‘Basically, #SARS and most policemen instantly assume you are a fraudster if you are pushing a good car. The treatment is usually worse if you got all the boys in the car and hell comes down if you are wearing blings or shades.’
Another popular actor known as Ebuka revealed that his near-death experience in the hands of the men of SARS in 2005 in his tweet.
‘Can never forget November 2005, driving in Abuja with @sommbonu and @IAMOfem. Stopped by a plainclothes officer with a gun. Chased and actually being shot at for being ‘suspected armed robbers’ . Ofem still has the bullet scars on his shoulder,’ he revealed.
Such stories are rife. But does that mean that the Nigeria Police cannot curb crime? Sadly, many police officers are ill-equipped to fight crime. They usually have low-grade if not out-moded weapons to tackle high-calibre weapons that the criminals brandish.
Interestingly, some good stories had been shared about some arrests of criminals by the Rapid Response Squad (RRS) Unit of the Nigeria Police. Formerly called Operation Sweep, it was set up by the Lagos State Police Command to respond speedily to emergencies within the state. Many states in Nigeria have since replicated this state security apparatus to reinforce effective policing. In addition, other community-based security personnel work with them to ensure that criminals and suspects are arrested.
Still, a regional security outfit known as Amotekun stirred arguments and public debates on its legality. Amotekun is an initiative of the six South-West states to establish the Western Nigeria Security Network in 2019 which was frowned upon by Attorney-General of the Federation and Minister of Justice, Abububar Malami. After much media attention on the legality of Amotekun, the governors of the six states were to work out the legal framework for Amotekun in their individual state house of Assembly. Recently, the Ondo State Governor has inaugurated the pioneer officers of Ondo State Security Network Agency Amotekun Corps, joining other states in this new movement towards reinforcing security at the grass-root level.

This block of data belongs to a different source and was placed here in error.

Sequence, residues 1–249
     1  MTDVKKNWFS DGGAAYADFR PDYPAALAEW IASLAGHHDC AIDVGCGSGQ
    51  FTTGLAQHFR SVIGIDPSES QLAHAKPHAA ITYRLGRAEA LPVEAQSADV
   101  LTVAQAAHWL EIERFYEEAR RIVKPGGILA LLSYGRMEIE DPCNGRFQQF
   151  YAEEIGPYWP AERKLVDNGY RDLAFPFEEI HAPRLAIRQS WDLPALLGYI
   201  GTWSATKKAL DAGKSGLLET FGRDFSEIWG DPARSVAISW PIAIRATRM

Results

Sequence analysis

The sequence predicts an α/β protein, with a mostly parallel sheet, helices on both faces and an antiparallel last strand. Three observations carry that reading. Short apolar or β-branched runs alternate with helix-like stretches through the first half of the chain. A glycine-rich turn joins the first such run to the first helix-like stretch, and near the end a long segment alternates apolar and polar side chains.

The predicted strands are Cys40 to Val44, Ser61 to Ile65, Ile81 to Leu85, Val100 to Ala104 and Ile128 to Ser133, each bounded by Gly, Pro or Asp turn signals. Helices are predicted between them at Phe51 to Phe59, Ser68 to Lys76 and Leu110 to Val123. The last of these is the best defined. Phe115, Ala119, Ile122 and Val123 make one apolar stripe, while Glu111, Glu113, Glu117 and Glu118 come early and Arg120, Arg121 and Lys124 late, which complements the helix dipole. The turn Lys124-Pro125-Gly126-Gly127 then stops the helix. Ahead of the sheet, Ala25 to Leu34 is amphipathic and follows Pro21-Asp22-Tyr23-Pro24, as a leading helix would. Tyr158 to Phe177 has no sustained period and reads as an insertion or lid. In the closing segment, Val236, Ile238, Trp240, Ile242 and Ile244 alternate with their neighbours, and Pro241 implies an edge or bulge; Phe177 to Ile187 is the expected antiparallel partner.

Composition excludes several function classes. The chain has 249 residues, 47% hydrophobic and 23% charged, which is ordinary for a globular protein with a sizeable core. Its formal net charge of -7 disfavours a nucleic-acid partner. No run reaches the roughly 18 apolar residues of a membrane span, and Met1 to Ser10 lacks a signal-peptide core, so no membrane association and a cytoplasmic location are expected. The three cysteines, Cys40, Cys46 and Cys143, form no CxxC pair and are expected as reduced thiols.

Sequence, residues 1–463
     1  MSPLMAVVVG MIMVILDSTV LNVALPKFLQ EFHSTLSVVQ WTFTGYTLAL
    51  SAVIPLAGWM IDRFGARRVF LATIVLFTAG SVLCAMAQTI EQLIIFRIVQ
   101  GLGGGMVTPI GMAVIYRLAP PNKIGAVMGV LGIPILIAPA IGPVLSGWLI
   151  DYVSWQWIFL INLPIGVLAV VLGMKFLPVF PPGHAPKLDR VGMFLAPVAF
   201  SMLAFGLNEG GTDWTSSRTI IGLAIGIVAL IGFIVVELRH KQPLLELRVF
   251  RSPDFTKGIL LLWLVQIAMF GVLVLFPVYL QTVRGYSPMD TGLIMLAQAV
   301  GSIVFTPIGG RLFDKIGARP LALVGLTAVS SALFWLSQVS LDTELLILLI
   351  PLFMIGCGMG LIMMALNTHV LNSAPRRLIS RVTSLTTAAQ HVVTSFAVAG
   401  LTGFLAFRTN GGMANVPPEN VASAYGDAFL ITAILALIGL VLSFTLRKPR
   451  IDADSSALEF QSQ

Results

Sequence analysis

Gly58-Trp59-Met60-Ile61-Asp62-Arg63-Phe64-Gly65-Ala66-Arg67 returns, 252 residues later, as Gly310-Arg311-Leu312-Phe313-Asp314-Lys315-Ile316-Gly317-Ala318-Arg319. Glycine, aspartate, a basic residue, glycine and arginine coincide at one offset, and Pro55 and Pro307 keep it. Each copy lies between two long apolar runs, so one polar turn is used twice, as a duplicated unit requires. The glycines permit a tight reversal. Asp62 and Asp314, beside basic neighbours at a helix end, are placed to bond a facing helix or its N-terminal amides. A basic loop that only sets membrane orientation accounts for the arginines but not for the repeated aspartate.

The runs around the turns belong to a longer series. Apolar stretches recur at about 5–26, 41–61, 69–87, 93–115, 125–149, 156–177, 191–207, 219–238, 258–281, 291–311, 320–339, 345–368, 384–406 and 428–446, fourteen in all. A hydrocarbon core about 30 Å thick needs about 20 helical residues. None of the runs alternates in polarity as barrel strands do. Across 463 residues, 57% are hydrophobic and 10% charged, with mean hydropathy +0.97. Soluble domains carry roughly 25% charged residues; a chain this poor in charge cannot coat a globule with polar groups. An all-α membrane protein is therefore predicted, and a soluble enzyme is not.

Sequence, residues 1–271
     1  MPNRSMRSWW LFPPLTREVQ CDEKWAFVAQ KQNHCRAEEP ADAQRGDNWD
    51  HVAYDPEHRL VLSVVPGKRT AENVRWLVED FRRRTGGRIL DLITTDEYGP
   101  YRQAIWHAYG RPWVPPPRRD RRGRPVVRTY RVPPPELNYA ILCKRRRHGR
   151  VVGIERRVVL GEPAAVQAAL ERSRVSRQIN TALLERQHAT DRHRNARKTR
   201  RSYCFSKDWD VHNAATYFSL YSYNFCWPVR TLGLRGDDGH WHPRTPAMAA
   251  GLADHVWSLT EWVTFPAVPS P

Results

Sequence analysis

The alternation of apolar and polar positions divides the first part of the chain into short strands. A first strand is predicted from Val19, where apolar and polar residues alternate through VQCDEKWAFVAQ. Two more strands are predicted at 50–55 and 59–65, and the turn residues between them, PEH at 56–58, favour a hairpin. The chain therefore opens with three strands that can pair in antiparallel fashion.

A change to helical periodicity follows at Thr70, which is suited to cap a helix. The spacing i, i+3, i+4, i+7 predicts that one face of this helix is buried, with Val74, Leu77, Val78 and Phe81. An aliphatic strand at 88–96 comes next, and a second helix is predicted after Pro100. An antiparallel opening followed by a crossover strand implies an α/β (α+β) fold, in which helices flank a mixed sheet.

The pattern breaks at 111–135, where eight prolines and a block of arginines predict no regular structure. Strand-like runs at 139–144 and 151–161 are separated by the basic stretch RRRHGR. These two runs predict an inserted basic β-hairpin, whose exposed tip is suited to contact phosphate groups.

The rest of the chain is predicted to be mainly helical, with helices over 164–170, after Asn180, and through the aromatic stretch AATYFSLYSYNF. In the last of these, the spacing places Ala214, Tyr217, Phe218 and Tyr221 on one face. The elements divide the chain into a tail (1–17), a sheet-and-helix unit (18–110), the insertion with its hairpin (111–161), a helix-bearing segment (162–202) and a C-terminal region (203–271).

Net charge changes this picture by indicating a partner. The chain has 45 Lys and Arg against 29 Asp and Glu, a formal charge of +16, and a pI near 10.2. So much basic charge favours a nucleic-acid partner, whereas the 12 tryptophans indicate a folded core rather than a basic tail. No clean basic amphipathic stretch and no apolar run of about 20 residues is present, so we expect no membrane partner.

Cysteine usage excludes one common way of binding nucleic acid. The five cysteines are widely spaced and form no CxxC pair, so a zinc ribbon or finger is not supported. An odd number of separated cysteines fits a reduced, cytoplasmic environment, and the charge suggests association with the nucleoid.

Aside from the inefficiency of the security agencies, the judiciary has also been blamed for the failure of the criminal justice system thus contributing to the state of impunity. Many criminals are emboldened by the reality that they can get away with any crime.
Unemployment has been listed amongst the leading causes of insecurity. Every year, the labour market is besieged by fresh graduates who are too large for the number of available jobs. Nepotism has shrunk the possibility of qualified candidates securing jobs on merit. Also, there is a growing population of unskilled youths who roam the streets in daytime as beggars and night time as robbers. Also, kidnapping cases had been on the rise with persons related to distinguished Nigerians targeted by kidnappers.
Radical change in value has also been recorded in many households. Nowadays, parents are indifferent to how their children make money. They as well as the society at large celebrate material success and ostentatious lifestyles at the expense of morals. Some youths have reportedly got involved in online fraud through romance and corporate scams.
Nigeria’s public image on the world stage has also been marred by the incessessant crises in the North-east region where terrorists’ attacks abound. Many countries issue travel advisory to their nationals who intend to visit Nigeria on the lingering security crises in Nigeria which had not been resolved, contrary to report from some government sources.
The path towards changing the narrative for Nigeria’s security will pass through the streams of reorientation, training, mentoring programmes, and international exchange programmes. It would also involve the art of improvisation and management of resources, acquisition of crime-fighting tech-devices among others. Our film industry should be tasked on producing creative content that will change the perspective of Nigeria Police from being authoritative in their dealings with crime victims to being sensitive to public complaints.
Also, the corruption in the security votes allocation and appropriation must be matched by serious consequences for anyone found guilty. This media trial and social media-led mockery do not suffice for diligent prosecution of corrupt government officials. Without a transparent funding for the Nigeria Police and other military and paramilitary outfits, the talk on reform will remain a ‘beer parlor’ discussion.
Writer and Media Consultant